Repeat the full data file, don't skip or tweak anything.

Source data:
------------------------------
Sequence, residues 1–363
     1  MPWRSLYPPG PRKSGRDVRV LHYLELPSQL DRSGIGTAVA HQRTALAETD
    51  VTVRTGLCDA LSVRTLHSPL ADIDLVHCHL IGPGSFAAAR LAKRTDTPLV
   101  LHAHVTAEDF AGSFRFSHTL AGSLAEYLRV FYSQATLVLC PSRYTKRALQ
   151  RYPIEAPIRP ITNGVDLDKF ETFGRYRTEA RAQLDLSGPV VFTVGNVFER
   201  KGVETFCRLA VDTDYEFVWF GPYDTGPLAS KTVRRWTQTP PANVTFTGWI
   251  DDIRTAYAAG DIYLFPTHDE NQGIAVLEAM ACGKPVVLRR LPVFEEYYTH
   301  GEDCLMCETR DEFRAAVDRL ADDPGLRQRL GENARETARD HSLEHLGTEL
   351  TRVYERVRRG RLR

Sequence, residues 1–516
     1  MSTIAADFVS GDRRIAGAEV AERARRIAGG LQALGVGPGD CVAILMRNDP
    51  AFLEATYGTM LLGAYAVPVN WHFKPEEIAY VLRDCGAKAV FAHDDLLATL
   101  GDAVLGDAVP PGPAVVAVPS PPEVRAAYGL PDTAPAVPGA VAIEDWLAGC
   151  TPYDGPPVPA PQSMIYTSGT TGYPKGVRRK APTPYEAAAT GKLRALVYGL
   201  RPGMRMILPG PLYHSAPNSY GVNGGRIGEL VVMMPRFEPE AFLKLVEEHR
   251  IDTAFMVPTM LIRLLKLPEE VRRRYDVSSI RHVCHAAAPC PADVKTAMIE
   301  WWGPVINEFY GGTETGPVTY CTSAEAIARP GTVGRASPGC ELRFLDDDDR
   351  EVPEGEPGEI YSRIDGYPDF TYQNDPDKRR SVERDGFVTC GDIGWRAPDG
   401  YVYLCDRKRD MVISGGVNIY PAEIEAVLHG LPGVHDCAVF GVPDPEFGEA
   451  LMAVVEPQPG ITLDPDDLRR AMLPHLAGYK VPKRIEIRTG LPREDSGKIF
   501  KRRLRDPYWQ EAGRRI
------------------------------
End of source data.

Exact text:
Sequence, residues 1–363
     1  MPWRSLYPPG PRKSGRDVRV LHYLELPSQL DRSGIGTAVA HQRTALAETD
    51  VTVRTGLCDA LSVRTLHSPL ADIDLVHCHL IGPGSFAAAR LAKRTDTPLV
   101  LHAHVTAEDF AGSFRFSHTL AGSLAEYLRV FYSQATLVLC PSRYTKRALQ
   151  RYPIEAPIRP ITNGVDLDKF ETFGRYRTEA RAQLDLSGPV VFTVGNVFER
   201  KGVETFCRLA VDTDYEFVWF GPYDTGPLAS KTVRRWTQTP PANVTFTGWI
   251  DDIRTAYAAG DIYLFPTHDE NQGIAVLEAM ACGKPVVLRR LPVFEEYYTH
   301  GEDCLMCETR DEFRAAVDRL ADDPGLRQRL GENARETARD HSLEHLGTEL
   351  TRVYERVRRG RLR

Sequence, residues 1–516
     1  MSTIAADFVS GDRRIAGAEV AERARRIAGG LQALGVGPGD CVAILMRNDP
    51  AFLEATYGTM LLGAYAVPVN WHFKPEEIAY VLRDCGAKAV FAHDDLLATL
   101  GDAVLGDAVP PGPAVVAVPS PPEVRAAYGL PDTAPAVPGA VAIEDWLAGC
   151  TPYDGPPVPA PQSMIYTSGT TGYPKGVRRK APTPYEAAAT GKLRALVYGL
   201  RPGMRMILPG PLYHSAPNSY GVNGGRIGEL VVMMPRFEPE AFLKLVEEHR
   251  IDTAFMVPTM LIRLLKLPEE VRRRYDVSSI RHVCHAAAPC PADVKTAMIE
   301  WWGPVINEFY GGTETGPVTY CTSAEAIARP GTVGRASPGC ELRFLDDDDR
   351  EVPEGEPGEI YSRIDGYPDF TYQNDPDKRR SVERDGFVTC GDIGWRAPDG
   401  YVYLCDRKRD MVISGGVNIY PAEIEAVLHG LPGVHDCAVF GVPDPEFGEA
   451  LMAVVEPQPG ITLDPDDLRR AMLPHLAGYK VPKRIEIRTG LPREDSGKIF
   501  KRRLRDPYWQ EAGRRI